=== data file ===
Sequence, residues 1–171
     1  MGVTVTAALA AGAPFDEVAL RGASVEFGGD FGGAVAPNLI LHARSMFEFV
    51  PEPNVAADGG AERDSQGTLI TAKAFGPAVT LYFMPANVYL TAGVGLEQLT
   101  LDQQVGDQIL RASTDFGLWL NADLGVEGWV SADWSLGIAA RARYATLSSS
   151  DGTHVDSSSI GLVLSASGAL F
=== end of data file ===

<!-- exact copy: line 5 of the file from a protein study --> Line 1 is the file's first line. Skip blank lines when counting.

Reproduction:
   151  DGTHVDSSSI GLVLSASGAL F